Research Spotlight

Posted December 15th 2019

Anesthesia Practice on the Rise.

Richard P. Dutton, M.D.
RRichard P. Dutton, M.D.

Dutton, R. P., T. M. McLoughlin, Jr., F. V. Salinas and L. C. Torsher (2019). “Anesthesia Practice on the Rise.” Adv Anesth 37: xix-xxi.

Full text of this article.

Welcome to Advances in Anesthesia! We are pleased to present you with 11 articles covering topics across the spectrum of perioperative care. These include traditional clinical science articles on management of hemodynamics during cesarean section, treatment of malignant hyperthermia, and perioperative blood conservation; cutting edge information on new regional anesthetic techniques, use of tranexamic acid, and an overview of implanted nerve stimulation technology. In addition, we have included articles that could be drawn directly from our current headlines: diversity in the anesthesia workforce, perioperative management of patients with substance abuse disorder, and a focused look at artificial intelligence and clinical informatics for anesthesiologists. One unusual article in this year’s volume is a Pro:Pro:Pro review of career options for anesthesiologists, team written by 2 academic anesthesiologists, a small-group practitioner, and a representative from the largest private practice in the United States. There is no “con” to this article because overall it’s a great time to be an anesthesiologist! Driven by our profession’s ability to care for any kind of patient, from neonate (or even in utero) to centenarian, and to facilitate any procedural aspect of modern medicine from electroconvulsive therapy to cardiac transplantation, anesthesiology is at a peak of influence never before achieved. Compensation is good; case numbers are growing, and residency positions are hotly sought after. Any kind of anesthesiology practice today has much to recommend it and represents a smart career choice for the talented medical student. Beyond the overall picture though, we solicited this article to share some hard-won information not commonly found in academic papers or conference presentations. The goal was to compare the benefits and challenges of different anesthesia practice models in a way that will help graduating residents and fellows pick the best spot to launch their own careers, thus helping to keep our profession on the rise. (Excerpt from text of this introduction to a special issue of Advances in Anesthesia, p. xix.)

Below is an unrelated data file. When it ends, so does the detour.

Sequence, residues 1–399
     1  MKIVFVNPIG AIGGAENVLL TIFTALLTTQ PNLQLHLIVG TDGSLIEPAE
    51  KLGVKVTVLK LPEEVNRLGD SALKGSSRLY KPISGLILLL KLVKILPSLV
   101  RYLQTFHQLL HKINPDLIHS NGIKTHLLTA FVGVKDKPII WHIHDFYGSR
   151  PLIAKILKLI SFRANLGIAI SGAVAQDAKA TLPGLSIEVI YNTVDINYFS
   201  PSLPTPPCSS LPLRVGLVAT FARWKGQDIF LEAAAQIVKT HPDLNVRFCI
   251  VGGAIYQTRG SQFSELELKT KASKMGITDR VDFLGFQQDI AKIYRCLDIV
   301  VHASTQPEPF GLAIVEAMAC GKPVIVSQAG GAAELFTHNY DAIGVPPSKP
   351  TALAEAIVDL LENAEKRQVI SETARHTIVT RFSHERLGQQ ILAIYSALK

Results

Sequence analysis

Posted December 15th 2019

Follow-up trends after emergency department discharge for acutely symptomatic hernias: A southwestern surgical congress multi-center trial.

Justin Regner M.D.
Justin Regner M.D.

Follow-up trends after emergency department discharge for acutely symptomatic hernias: A southwestern surgical congress multi-center trial.

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BACKGROUND: The objective of this multi-center study was to examine the follow-up trends after emergency department (ED) discharge in a large and socioeconomically diverse patient population. METHODS: We performed a 3-year retrospective analysis of adult patients with acutely symptomatic hernias who were discharged from the EDs of five geographically diverse hospitals. RESULTS: Of 674 patients, 288 (43%) were evaluated in the clinic after discharge from the ED and 253 (37%) underwent repair. Follow-up was highest among those with insurance. A total of 119 patients (18%) returned to the ED for hernia-related complaints, of which 25 (21%) underwent urgent intervention. CONCLUSION: The plan of care for patients with acutely symptomatic hernias discharged from the ED depends on outpatient follow-up, but more than 50% of patients are lost to follow-up, and nearly 1 in 5 return to the ED. The uninsured are at particularly high risk.


Posted December 15th 2019

Secondary Management of Midface Fractures.

Likith V. Reddy, M.D.
Likith V. Reddy, M.D.

Aman, H., T. Shokri, L. V. Reddy and Y. Ducic (2019). “Secondary Management of Midface Fractures.” Facial Plast Surg 35(6): 640-644.

Full text of this article.